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June 2015 Seminar on sexual health research to explore issues of consent
Seminar on sexual health research to explore issues of consent
A research seminar takes place in NUI Galway today focussing on sexual health research with university students, and in particular the issue of sexual consent. The seminar, ‘Sexual Health and Alcohol Use: The Need for Evidence-Based, Theory-Led Strategies to Address Sexual Assault and Promote Active Consent Among Young Adults’ is organised by the School of Psychology at NUI Galway in conjunction with Galway Alcohol Forum and Healthy Cities Initiative.
The results of multidisciplinary research carried out across several institutions in social marketing, theatre and drama studies, and psychology will be presented at the event. This includes survey data from approximately 1,500 students across two institutions on sexual assault, on how consent is typically expressed, frequency and comfort of engaging in different sexual activities, associations between alcohol use and sexual behaviour, and other topics in the sexual health field.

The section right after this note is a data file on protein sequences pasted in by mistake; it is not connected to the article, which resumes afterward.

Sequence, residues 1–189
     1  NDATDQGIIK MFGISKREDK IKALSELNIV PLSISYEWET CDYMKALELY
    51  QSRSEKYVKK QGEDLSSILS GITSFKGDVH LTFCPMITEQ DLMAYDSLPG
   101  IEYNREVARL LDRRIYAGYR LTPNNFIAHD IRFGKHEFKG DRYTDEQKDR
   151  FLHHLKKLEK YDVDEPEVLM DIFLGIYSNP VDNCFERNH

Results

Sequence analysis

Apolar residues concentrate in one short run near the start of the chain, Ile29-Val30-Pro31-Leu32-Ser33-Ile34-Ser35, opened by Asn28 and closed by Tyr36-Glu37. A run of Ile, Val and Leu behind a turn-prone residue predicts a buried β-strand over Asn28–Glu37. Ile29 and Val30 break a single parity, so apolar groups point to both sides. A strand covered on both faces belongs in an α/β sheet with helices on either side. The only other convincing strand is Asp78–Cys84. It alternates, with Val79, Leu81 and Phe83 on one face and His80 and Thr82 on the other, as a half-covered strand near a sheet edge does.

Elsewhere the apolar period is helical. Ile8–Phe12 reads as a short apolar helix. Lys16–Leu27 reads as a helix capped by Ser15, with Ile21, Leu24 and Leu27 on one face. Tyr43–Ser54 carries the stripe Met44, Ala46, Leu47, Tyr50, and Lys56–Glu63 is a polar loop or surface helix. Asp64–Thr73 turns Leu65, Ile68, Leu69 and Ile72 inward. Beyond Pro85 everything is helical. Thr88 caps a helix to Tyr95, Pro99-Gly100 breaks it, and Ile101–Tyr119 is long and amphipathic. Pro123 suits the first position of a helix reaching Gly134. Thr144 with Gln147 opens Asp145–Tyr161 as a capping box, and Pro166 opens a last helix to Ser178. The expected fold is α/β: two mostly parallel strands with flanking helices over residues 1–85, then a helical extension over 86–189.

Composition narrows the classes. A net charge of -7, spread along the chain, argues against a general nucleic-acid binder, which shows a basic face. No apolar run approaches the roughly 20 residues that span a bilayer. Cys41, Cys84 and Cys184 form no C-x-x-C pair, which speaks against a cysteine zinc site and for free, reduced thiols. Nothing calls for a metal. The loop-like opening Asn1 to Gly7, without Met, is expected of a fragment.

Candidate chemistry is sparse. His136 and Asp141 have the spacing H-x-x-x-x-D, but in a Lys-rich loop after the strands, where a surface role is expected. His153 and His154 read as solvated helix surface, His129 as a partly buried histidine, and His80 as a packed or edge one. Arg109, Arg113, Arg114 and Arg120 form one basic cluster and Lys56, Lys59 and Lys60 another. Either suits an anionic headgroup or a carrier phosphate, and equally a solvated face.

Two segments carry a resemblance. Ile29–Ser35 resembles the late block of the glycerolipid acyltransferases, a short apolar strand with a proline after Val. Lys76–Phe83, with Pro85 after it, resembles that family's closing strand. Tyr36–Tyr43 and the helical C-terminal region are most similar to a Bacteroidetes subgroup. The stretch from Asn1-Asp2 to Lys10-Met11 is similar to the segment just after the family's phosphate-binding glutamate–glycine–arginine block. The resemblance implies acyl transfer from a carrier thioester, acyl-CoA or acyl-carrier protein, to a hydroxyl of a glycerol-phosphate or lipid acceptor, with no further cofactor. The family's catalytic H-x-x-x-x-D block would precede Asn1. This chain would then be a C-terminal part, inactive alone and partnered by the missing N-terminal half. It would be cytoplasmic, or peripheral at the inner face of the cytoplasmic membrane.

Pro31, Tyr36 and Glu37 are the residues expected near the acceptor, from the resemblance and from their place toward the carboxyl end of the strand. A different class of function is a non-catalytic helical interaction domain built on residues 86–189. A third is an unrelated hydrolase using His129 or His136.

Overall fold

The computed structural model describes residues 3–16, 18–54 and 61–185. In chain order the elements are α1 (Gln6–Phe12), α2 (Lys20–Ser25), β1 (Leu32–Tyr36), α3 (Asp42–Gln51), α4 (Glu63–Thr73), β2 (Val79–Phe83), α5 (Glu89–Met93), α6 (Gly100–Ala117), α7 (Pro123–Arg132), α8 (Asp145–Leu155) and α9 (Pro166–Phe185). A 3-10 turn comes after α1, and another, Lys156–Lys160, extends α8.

“We wish to promote the idea of consent being active, on-going, and clearly expressed, as our research suggests that it is currently a grey area for many students”, explains Dr Pádraig McNeela, Lecturer at the School of Psychology, NUI Galway. “It is important to consider how this lack of clarity might contribute to the problem of sexual assault, and a culture that might perpetuate gender-based harassment and violence. It is also essential that we promote a positive approach to sexual relationships where people feel confident to express their preferences and make informed decisions.”
In addition, it will show how these quantitative findings, when combined with qualitative exploration of attitudes and expectations for consent, have the potential to be employed in new strategies that promote active consent. Specifically, the seminar will report on a community theatre project that inspired students to create a dramatic representation of the ‘grey areas’ associated with consent; and the ‘Smart Consent’ workshop that brings students into contact with theory and evidence using innovative techniques. In addition to funding from the Galway Alcohol Forum, the researchers have the support of the Irish Research Council New Foundations scheme, NUI Galway Students’ Union, NUI Galway Student Services, and the Confederation of Student Services in Ireland.
“We also hope to discuss these initiatives in light of social marketing survey findings demonstrating that, for students, sexual health is a key priority that requires action,” added Dr McNeela.